6. Amplify the voice of your “concrete middle.” Actively bring your middle managers into the tent to mobilize the organization to execute on the strategy.
One of the most significant findings of our research was the challenge that the non-executive leaders – the middle managers – have been facing. Almost across the board, this group provided more negative responses than those at the executive level, and even at the front line, individual contributor level. They are getting squeezed by the challenges of communicating, collaborating, and engaging, and are the least confident about where the enterprise is going. Now is the time to bring this group of next generation leaders more explicitly into the conversation on how the enterprise is going to execute on the strategy and what it will take to get there. It will get you further, faster. (For some tips on how to help get your team leaders to work together with more clarity so you can get work done, click here.)
7. Deliver a culture of acceptance. Set the example and hold your leaders accountable for creating an environment where all can freely share personal concerns and challenges.
Our research confirmed what many of us have felt: the last year significantly increased people’s feelings of anxiety, depression, and concern about the future. This was true at all levels in the organization. Overall, people experienced increased kindness and compassion, which may be helping to offset feelings of helplessness and worry. Still, leaders should know that people want to be able to safely share their situations and challenges. We found most on the front line still believe it is not acceptable to open up or that it is dependent upon your individual boss. This highlights the urgency and imperative to foster a workplace where all employees can share, regardless of who they work for, or their role.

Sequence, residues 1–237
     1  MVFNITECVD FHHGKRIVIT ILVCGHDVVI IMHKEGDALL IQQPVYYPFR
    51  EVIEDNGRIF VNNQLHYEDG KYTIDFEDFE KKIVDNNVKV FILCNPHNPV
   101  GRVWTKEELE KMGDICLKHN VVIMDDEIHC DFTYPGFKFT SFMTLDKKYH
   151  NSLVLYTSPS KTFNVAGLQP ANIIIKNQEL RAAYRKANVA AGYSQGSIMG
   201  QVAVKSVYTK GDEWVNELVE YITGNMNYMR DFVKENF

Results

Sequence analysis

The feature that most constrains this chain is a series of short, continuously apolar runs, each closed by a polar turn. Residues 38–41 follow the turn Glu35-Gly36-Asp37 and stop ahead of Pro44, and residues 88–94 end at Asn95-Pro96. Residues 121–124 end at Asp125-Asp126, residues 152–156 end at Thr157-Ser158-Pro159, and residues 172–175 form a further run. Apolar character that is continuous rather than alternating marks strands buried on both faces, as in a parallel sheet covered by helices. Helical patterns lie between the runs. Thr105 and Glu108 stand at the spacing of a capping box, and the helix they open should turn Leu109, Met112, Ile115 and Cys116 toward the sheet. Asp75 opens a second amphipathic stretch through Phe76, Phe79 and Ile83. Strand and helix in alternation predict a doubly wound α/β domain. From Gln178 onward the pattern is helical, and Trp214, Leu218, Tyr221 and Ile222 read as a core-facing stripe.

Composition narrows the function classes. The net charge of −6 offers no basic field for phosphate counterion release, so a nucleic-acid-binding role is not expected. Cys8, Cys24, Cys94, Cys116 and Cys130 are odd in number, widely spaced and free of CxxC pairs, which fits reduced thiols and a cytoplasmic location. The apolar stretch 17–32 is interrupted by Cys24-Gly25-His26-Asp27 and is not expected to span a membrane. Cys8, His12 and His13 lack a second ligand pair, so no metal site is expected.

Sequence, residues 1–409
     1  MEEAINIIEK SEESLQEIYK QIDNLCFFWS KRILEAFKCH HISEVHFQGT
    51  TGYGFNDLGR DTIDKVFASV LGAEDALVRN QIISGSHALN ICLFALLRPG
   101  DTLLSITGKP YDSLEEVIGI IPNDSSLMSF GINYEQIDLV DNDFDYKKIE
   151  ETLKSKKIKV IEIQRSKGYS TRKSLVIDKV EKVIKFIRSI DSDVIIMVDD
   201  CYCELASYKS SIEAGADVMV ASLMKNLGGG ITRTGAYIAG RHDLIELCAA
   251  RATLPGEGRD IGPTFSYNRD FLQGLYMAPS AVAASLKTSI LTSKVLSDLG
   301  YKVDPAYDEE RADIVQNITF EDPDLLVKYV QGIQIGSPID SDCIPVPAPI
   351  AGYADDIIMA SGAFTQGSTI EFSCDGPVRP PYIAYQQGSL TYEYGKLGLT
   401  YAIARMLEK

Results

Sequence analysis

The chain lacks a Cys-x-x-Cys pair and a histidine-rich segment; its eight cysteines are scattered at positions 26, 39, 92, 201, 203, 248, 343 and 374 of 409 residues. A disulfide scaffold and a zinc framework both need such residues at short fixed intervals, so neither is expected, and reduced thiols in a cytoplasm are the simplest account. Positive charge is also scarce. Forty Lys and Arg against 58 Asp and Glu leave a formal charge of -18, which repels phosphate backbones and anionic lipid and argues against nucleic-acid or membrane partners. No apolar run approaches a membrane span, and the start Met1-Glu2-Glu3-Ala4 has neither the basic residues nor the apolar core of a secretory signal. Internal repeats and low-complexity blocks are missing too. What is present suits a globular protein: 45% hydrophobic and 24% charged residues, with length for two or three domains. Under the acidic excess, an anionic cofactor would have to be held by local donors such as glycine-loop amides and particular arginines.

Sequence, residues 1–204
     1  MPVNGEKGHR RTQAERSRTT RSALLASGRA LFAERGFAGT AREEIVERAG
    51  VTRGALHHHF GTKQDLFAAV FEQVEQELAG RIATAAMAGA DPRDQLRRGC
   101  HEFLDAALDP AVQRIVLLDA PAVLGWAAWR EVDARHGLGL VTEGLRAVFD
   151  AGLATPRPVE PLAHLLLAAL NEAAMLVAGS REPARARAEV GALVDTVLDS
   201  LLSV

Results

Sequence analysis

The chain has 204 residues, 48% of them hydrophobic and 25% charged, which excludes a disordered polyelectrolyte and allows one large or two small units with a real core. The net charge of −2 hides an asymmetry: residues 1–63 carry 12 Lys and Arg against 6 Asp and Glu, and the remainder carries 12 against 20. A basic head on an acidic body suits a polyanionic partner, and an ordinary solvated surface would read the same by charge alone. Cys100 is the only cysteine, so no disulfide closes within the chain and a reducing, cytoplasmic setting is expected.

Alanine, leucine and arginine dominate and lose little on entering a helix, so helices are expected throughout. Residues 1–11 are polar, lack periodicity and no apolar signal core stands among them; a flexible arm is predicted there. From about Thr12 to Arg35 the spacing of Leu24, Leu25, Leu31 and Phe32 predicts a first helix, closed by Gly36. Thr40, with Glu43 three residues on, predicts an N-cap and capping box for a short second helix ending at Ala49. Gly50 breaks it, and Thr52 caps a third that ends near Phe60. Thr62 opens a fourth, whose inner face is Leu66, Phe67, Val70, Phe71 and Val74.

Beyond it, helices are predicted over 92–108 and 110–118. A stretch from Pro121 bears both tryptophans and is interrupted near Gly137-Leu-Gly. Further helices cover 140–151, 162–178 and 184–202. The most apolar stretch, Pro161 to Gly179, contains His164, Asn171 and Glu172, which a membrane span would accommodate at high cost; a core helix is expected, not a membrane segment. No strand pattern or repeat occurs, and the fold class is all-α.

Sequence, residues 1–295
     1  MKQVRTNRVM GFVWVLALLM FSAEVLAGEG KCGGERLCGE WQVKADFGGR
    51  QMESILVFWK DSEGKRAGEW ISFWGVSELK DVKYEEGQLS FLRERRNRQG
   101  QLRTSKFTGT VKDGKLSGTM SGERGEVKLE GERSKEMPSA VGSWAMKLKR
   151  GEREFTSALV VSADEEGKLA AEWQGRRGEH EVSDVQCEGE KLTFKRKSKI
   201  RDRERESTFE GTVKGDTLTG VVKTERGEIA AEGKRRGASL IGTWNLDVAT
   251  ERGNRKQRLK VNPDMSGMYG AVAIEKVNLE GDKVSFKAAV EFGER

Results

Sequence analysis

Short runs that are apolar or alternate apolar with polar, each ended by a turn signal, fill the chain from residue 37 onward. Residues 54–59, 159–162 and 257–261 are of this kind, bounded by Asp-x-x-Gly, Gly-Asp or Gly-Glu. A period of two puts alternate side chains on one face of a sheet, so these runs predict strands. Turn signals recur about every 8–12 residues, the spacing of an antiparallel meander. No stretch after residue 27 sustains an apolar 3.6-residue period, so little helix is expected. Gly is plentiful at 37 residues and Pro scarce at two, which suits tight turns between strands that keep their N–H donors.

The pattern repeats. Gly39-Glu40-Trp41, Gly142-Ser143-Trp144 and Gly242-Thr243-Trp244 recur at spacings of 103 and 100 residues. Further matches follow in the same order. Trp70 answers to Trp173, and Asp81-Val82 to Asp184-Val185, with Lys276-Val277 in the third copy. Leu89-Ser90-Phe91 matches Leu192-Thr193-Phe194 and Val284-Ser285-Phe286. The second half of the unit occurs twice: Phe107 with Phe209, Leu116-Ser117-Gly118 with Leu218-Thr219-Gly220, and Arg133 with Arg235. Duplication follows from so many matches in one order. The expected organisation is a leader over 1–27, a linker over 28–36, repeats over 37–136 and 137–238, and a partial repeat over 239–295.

We have learned a lot about leadership this past year, and these are lessons we can take to heart as we become the leaders we want to be and create the organizations we aspire to have. Focus on these 7 priorities to get your workplace culture aligned to seize the opportunity with gusto and focus.